Do I want to build motorbikes?

Discussion in 'General Questions' started by williamsk1936@yahoo.com, Apr 9, 2009.

  1. I have just about given up on ever finding another job at 73. I am looking at some down time when I get my knee overhauled anyhow. Maggie suggested after I had to let my son in Tulsa use my HT/Schwinn to find work that I could make some coin building and selling them. :idea:
    What would a 70cc Gru Bee in a new $125 bike sell for ready to go? Or possibly a bit better bike such as a Cranbrook Huffey at $140? (NOT Walleyworld). It would require a bit of rigging to mount it properly. One thing I am concerned about is if I build one and sell it, that's just an individual doing his thing, but if I do a bunch of em and some dumbA-- hurts himself on it, he is either going to blame me,as a business, or George Bush, and sue me. Would going LLC do any good to save my butt? I may pursue that drive chain brake idea also. I dropped my resume of at the Tri County Tech office offering my assistance by designing and building machinery or prototyping for people in the new business incubator cheaply. I netted one father and son with a new steam engine idea that need a prototype built that might be fun. Right now I am skinning my Lotus 7 replica for entertainment.
    Curtis Fox, one of the motorbike club members and his wife dropped by for a visit on their way to Utah in their motorhome. It was really neat to meet someone I only knew online. We had a good visit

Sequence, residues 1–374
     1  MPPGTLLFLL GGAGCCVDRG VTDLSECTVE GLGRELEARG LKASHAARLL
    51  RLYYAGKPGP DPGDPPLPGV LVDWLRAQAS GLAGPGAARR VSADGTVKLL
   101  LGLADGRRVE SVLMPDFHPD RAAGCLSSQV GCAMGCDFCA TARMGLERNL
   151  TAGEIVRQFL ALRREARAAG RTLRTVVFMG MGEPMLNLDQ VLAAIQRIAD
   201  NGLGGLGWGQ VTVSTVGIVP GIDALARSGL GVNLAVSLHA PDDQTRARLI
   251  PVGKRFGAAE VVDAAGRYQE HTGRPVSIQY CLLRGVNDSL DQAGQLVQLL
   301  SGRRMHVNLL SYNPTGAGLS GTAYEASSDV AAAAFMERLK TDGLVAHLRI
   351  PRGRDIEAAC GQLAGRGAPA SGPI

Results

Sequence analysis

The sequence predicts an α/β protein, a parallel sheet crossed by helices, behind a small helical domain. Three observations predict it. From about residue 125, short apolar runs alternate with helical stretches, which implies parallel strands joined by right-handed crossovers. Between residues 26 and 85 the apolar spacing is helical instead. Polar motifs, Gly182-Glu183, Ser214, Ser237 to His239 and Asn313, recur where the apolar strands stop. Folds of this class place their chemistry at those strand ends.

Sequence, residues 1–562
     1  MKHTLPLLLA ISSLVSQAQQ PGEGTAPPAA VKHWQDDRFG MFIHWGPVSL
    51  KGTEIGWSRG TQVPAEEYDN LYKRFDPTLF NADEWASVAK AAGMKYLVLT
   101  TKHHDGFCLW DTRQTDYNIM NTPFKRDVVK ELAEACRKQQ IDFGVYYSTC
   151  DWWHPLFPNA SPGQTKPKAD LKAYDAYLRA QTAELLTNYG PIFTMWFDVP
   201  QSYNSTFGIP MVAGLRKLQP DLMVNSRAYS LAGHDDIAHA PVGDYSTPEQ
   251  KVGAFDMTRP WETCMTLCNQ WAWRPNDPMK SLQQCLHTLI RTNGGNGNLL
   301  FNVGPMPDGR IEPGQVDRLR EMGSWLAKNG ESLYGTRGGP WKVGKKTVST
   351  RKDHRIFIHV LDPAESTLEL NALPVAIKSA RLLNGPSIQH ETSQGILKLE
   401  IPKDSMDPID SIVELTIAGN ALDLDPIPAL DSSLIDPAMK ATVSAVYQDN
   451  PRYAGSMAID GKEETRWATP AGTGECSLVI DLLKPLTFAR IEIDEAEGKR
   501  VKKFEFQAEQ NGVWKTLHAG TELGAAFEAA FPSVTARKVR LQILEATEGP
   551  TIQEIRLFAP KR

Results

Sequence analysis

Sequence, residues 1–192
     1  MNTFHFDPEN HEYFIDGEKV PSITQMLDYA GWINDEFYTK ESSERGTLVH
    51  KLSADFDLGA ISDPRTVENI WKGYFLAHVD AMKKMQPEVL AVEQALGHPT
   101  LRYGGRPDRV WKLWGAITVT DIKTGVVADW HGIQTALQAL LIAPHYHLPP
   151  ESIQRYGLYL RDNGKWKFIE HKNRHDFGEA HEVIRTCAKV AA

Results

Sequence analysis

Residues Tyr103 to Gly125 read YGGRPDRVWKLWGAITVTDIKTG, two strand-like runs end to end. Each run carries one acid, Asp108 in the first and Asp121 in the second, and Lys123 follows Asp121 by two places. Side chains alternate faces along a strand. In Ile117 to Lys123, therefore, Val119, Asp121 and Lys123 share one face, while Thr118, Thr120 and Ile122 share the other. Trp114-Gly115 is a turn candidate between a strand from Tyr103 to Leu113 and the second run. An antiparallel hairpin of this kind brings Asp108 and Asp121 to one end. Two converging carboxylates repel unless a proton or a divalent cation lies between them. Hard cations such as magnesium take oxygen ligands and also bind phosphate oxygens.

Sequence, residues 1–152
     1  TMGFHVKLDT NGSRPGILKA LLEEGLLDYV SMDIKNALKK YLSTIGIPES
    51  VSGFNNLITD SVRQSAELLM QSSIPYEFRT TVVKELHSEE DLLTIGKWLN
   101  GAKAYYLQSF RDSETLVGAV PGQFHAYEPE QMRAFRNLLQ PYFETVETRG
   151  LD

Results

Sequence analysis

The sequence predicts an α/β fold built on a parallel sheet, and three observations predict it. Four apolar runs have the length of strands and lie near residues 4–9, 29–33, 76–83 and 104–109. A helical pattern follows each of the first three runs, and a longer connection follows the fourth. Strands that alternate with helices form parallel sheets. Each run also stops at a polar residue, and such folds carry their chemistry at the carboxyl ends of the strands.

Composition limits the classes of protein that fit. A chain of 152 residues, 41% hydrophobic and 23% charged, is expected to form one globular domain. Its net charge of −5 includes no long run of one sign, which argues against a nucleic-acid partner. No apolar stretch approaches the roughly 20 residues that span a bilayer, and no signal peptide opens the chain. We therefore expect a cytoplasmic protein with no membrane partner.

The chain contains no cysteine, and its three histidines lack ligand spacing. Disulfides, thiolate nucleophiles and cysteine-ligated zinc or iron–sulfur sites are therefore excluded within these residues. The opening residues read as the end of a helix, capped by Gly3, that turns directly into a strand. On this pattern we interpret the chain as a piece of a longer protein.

2. bluegoatwoods

    bluegoatwoods Well-Known Member

    I suppose most of us have given some thought to building these for profit. My guess is that it would be difficult to actually make a living. (forget guessing, actually. I'm pretty sure of that.)

    But if you're known around your community as "that bike guy", might you be able to parlay that into other odd mechanical jobs? Bicycle repair, auto oil changes, etc? Even then, you're not likely to be the next Donald Trump. But if it brings in as much as a part-time McDonald's job, then you're better off. But I'm afraid even that modest goal will take some time.

    One thing you could do to expand the profit margin a bit is to forget about using new bikes. Just trash pick old ones (and many are not that old at all), give 'em a paint job and build.

    I'm no legal expert, so I'm not even sure how much "limited liability" an LLC will get you.
    But I'd be willing to bet that it's not worth it for such a small venture unless it's at absolutely no cost. Which seems doubtful.

    You can pretty much count on being sued by the first guy who hurts himself. That's just how people are. But if you warn your customers at the time of sale that they're "not gonna be able to squeeze any blood out of this particular rock", then maybe the first or second guy won't even bother. And bringing up the safety issue at the time of sale would be a good idea, anyway. For those who don't listen and just want the big payoff anyway, you've just got to make yourself judgement proof.

    So I'd say that you probably can't count on making any real money with just MBs. And certainly not at the start. But if you took the plunge and then "networked" with your community, you might build something that could produce a modest income. And with HT engines down to about $100-110, the investment is not huge.

    Good luck.
     
  3. Mountainman

    Mountainman Active Member

    well I have been watching a guy down the mountain that's building and selling HTs

    don't think that he's making much money

    plus I would have buyers sign some kind of a waiver
    getting sued just one time can be the pits !!!

    ride that thing sideways
     
  4. arceeguy

    arceeguy Active Member

    Have 'em sign a waiver. No lawyer would waste his time if you show that the purchaser has signed a legal waiver. Notice that when we buy these engines, we agree to waive our rights to sue the manufacturer/importer/distributor of the engine.